An Edinburgh life sciences company has announced a joint project aimed at helping to commercialise gene therapy.
Synpromics, based at the city’s BioQuarter life sciences incubator, is to collaborate with the Cell Therapy Catapult in a bid to drive down the cost of manufacturing “viral vectors”, which it said are a “crucial tool” needed to modify patients’ cells to create a therapeutic effect.
“Established manufacturing platforms are limited by laborious processes, a lack of automation and low yields”, the firm said.
“This restricts the utility of viral vectors for the treatment of diseases where large amounts of virus would be needed, and has to date confined their use to local applications such as in the eye and to less prevalent indications, including orphan diseases.”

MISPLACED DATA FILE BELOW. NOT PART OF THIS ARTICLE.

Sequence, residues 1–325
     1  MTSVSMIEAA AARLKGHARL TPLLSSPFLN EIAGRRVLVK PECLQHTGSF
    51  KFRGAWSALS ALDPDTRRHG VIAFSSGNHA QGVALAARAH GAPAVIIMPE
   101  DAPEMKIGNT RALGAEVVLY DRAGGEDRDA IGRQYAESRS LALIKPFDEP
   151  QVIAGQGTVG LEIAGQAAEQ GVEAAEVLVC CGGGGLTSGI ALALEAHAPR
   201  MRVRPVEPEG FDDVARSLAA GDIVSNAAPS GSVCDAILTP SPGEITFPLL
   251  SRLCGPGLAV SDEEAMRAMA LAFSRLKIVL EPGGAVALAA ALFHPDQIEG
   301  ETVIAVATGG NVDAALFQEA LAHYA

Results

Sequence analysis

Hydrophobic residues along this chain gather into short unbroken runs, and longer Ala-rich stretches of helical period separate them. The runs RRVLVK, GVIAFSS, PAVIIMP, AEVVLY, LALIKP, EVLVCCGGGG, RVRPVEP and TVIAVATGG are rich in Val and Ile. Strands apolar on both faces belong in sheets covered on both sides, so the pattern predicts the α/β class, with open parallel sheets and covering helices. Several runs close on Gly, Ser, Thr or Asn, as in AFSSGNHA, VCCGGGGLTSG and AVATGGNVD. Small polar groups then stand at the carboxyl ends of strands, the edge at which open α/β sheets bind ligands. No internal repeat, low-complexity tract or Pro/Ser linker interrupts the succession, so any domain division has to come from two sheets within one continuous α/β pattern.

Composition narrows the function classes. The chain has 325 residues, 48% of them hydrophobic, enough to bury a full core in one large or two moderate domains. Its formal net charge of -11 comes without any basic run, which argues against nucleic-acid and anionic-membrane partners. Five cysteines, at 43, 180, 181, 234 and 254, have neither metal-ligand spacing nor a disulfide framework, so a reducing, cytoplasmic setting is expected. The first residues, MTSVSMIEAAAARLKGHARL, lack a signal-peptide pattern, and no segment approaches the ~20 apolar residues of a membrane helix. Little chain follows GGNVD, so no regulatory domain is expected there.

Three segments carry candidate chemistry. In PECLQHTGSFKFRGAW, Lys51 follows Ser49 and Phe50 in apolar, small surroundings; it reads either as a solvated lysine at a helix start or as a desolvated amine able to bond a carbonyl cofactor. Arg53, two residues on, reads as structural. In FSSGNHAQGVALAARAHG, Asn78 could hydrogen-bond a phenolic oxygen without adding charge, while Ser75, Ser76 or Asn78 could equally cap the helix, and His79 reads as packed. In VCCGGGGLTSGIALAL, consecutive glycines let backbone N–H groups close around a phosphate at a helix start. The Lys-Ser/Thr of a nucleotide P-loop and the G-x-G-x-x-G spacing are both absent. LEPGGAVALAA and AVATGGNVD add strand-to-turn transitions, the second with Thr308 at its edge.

The three-year project, partly funded by a £2 million grant from innovation agency Innovate UK, will use synthetic biology to produce higher levels of viral vectors from cell lines.
Synpromics was founded in 2011 to commercialise technology developed by Michael Roberts in the emerging field of synthetic biology, which gives researchers the ability to create man-made DNA sequences.